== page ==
Guest Post: ‘Two Voices’ by Rhonda Parrish

Today I’ve got a new guest on the blog! I am shining the spotlight on Rhonda Parrish’s latest anthology, Corvidae, and the woman herself is here to share a taste of her favourite feathery myths in fiction.



A flock of shiny stories!

Associated with life and death, disease and luck, corvids have long captured mankind’s attention, showing up in mythology as the companions or manifestations of deities, and starring in stories from Aesop to Poe and beyond.

In Corvidae birds are born of blood and pain, trickster ravens live up to their names, magpies take human form, blue jays battle evil forces, and choughs become prisoners of war. These stories will take you to the Great War, research facilities, frozen mountaintops, steam-powered worlds, remote forest homes, and deep into fairy tales. One thing is for certain, after reading this anthology, you’ll never look the same way at the corvid outside your window.

Featuring works by Jane Yolen, Mike Allen, C.S.E. Cooney, M.L.D. Curelas, Tim Deal, Megan Engelhardt, Megan Fennell, Adria Laycraft, Kat Otis, Michael S. Pack, Sara Puls, Michael M. Rader, Mark Rapacz, Angela Slatter, Laura VanArendonk Baugh, and Leslie Van Zwol.


“Introduction” by Rhonda Parrish
“A Murder of Crows” by Jane Yolen
“Whistles and Trills” by Kat Otis
“The Valravn” by Megan Fennell
“A Mischief of Seven” by Leslie Van Zwol
“Visiting Hours” by Michael S. Pack
“The Rookery of Sainte-Mère-Église” by Tim Deal
“The Cruelest Team Will Win” by Mike Allen
“What Is Owed” by C.S.E. Cooney
“Raven No More” by Adria Laycraft
“The Tell-Tale Heart of Existence” by Michael M. Rader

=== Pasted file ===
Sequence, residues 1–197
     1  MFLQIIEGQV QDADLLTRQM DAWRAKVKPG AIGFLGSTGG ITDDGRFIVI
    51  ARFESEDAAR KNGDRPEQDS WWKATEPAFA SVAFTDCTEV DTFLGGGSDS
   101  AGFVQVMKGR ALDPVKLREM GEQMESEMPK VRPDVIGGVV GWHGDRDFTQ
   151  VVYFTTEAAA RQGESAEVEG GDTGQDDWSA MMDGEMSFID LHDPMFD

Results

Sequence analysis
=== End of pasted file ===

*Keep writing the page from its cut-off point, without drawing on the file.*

“Sanctuary” by Laura VanArendonk Baugh
“Knife Collection, Blood Museum, Birds (Scarecrow Remix)” by Sara Puls
“Flying the Coop” by M.L.D. Curelas
“Postcards from the Abyss” by Jane Yolen
“Bazyli Conjures a Blackbird” by Mark Rapacz
“Seven for a Secret” by Megan Engelhardt
“Flight” by Angela Slatter

Corvidae was published on July 7th 2015 by World Weaver Press as part of Rhonda’s Magical Menageries anthology series, and is available in paperback and ebook. You can find more information on the book, and where to buy it, at the World Weaver Press website.

And now, it’s over to Rhonda!


Lisa invited me to share a post on her blog in order to celebrate the launch of my corvidae anthology (entitled, cleverly enough, Corvidae) and asked me if I had a favourite bird-centric myth, legend or spooky tale. Wow. There were so many to choose from. I mean, even if you narrow the field down to only corvid-centric stories the list is long. Corvids might be best known for their appearance in Poe’s work but they’ve played starring roles in mythology for longer than we’ve been writing it down. For example, the natives of the Pacific Northwest considered Raven a trickster god and the creator of the world, and in Viking mythology Odin has a pair of ravens who spy for him.

My favourite corvid story (which isn’t in Corvidae, anyway LOL) is far more recent than those myths, far more recent than Poe even. I’m talking about the character of Mortola, “The Magpie”, in the Inkworld Trilogy by Cornelia Funke.

Mortola is an old woman who mixes poisons and discovers a plant with seeds which can change your shape. They call the plant Little Death because in addition to its shape-changing powers it is also a deadly poison and, even in small doses, can cause insanity.

I love the idea of a person changing into a magpie for several reasons but one of the biggest is because of a magpie’s calls. When I listen to them talk and chatter away to themselves in a tree I sometimes imagine they are talking in more than one voice at the same time, and I like to imagine that’s because more than one consciousness is occupying their floofy little bodies. Someday I’m going to write a story about that… someday.

Black-Billed Magpie talking:


… I don’t know about you, but I’ll be looking this one up for sure!

About the Anthologist:

Rhonda Parrish is driven by a desire to do All The Things. She has been the publisher and editor-in-chief of Niteblade Magazine for nearly eight years now (which is like forever in internet time) and is the editor of several anthologies including Fae and B is for Broken. In
addition, Rhonda is a writer whose work has been in dozens of publications like Tesseracts 17: Speculating Canada from Coast to Coast, Imaginarium: The Best Canadian Speculative Writing (2012) and Mythic Delirium. Her website, updated weekly, is at

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